The thing with biopics is that if you don’t know the person whom the film is about particularly well, you can’t be sure that what you are watching is a legitimate portrayal of their life. This was the case watching Get On Up, and annoyingly, even after watching over two hours documenting his life, I still don’t really feel like I know him, not in the way I had hoped anyway.
If the presence of Octavia Spencer and Viola Davies in the films impressive cast wasn’t enough for you to make the connection, this film was directed by Tate Taylor, who is most famous for directing The Help. Unlike The Help however, the bizarrely experimental film making detracts massively from successfully creating a constant and well paced narrative. The fourth wall breaks, the addition of archive footage and the non-linear narrative, while normally a welcome break from traditional film making, felt like an out of place gimmick.
The films brilliance is in its middle section where James Browns life is documented from when he was a young boy living in poverty with his abusive father and absent mother to when he first performed in a club with his group “The Famous Flames”. During this time we see how his mother left him with his aggressive father in a shack in the woods and his father couldn’t take looking after him so he takes him to the town to live with Aunt Honey (Spencer). He gets thrown in prison for thirteen years as a teenage for stealing a suit, purely because he has no family to take care of him he has to stay in for longer than normal for such a petty crime. A singer, Bobby, from a gospel group meets James in the prison and sponsors his release so he can sing with him. This is when they go to a Little Richard show at a club and hop up on stage to sing a song while Little Richard is smoking a cigarette outside. His fame spiralled from there, Brown had a child, got divorced, remarried and would hit his wife for wearing revealing clothes. Upon the death of his son in 1973, Brown loses touch with Bobby, gets involved in drugs and gets arrested. Twenty years later, Bobby and James are reunited.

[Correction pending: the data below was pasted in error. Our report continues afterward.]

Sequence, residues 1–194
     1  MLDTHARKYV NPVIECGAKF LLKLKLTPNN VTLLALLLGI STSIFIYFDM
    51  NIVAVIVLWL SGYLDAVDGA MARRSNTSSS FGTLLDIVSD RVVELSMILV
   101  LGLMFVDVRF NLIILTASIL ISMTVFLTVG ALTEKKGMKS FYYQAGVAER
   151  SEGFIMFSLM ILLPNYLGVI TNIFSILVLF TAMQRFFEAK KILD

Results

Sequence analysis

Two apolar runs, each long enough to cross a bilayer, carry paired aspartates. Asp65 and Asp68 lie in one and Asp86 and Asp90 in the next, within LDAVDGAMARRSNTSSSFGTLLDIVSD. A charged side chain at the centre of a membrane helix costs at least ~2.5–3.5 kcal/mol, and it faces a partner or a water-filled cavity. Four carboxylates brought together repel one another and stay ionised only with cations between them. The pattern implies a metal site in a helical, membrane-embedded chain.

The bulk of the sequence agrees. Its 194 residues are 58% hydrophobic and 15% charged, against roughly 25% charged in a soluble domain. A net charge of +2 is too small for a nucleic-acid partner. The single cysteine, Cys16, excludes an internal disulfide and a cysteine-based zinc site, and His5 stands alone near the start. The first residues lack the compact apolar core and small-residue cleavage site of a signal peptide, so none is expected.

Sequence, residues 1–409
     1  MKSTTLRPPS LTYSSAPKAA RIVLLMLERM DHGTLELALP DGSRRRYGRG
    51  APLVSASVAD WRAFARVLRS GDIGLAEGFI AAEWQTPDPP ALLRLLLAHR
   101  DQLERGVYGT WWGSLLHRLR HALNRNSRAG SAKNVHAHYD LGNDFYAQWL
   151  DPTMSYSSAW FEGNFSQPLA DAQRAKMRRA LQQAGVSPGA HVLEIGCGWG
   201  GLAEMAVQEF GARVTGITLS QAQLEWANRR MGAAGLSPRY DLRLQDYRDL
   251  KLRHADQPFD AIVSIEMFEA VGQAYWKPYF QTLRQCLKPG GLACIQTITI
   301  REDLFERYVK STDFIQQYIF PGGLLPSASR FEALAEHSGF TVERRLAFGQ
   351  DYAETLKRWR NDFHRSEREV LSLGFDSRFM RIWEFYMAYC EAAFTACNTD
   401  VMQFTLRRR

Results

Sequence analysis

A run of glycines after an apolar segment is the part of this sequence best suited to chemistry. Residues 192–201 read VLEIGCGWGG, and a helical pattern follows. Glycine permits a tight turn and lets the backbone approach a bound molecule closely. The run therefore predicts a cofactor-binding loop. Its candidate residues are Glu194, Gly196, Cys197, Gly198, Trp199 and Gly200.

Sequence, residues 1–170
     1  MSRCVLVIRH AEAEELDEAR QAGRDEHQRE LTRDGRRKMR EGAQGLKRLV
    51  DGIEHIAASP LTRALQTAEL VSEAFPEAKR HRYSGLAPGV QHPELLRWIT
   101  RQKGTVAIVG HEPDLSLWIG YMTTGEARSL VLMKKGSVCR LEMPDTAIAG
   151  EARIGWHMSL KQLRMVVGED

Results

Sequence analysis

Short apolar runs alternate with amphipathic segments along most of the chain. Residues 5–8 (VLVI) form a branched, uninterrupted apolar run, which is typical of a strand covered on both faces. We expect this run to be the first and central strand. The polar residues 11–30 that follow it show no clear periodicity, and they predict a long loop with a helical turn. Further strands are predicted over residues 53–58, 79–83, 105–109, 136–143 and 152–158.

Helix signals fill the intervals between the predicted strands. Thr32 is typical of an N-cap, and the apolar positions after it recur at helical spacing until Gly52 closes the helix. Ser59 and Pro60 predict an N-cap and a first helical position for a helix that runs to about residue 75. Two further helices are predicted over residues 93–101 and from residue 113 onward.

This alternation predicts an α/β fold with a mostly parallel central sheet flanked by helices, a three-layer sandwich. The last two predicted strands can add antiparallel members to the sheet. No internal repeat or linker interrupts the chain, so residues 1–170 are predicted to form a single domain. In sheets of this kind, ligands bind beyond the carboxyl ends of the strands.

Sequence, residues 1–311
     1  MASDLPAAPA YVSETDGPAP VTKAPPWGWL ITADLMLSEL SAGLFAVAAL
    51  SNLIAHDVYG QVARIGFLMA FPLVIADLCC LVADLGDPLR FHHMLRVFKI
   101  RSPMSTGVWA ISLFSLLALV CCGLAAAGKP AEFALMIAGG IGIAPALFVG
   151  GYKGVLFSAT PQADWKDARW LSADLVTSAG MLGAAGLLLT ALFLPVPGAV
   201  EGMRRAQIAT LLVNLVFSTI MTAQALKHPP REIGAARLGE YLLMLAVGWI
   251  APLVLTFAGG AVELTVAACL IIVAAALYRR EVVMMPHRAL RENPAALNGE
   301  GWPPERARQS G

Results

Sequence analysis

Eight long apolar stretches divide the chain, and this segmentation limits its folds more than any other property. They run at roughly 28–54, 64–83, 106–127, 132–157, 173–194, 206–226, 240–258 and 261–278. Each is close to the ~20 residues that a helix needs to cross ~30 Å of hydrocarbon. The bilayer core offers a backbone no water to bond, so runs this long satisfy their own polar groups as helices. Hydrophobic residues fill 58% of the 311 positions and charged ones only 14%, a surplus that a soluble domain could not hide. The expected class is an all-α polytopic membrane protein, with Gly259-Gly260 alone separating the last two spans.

The frustrating thing is that despite there being a really interesting story somewhere entangled in the narrative of the film, its feels totally lost in the jarring chronology. It’s more like a series of events that happened that have no relevance to each other, we see him supporting black troops in Vietnam and playing a concert on the night Martin Luther King died, we see him yelling at a woman for using his bathroom, we see him hitting his wife, boarding planes, playing concerts, but its all so fragmented it feels impossible to connect with him or his life on any level. The only time we have a structured narrative is when his adolescence is being documented and that was the only time I felt like I felt any emotional connection to him.
Despite this, the film was carried by the incredible portrayal of James Brown by Chadwick Boseman. He looked like him and sounded like him so much that sometimes you would forget that it wasn’t him. His performance was faultless as he grooved and moved his way up the ranks he was able to make you laugh and instil fear in you within the same breath. The fact that James Brown was actually quite an unforgiving person wasn’t entirely overlooked, despite his darker years, in the 1980’s not being a huge focal point of them film, it was alluded to in scenes depicting him yelling at his band, hitting his wife and being fickle with his women. I can appreciate why these points were omitted, as the film was more of a celebration of his life and his music than pulling up his past misgivings. His music, his voice and his soul are the reasons why he has since become a household name and his songs are some of the most well known and consistently listened to tracks of the last four decades and the music is the essence of the film.
Perfect for a night in, the film is a feel good romp into the rise of one of the greatest soul singers to have ever lived. If you overlook the gimmicks and can piece together the narrative, its one hell of a story coupled with an incredible soundtrack which will have you jiggling in your seat.
Get your groove on when Get On Up premieres SATURDAY, JUNE 13 at 8:00pm.
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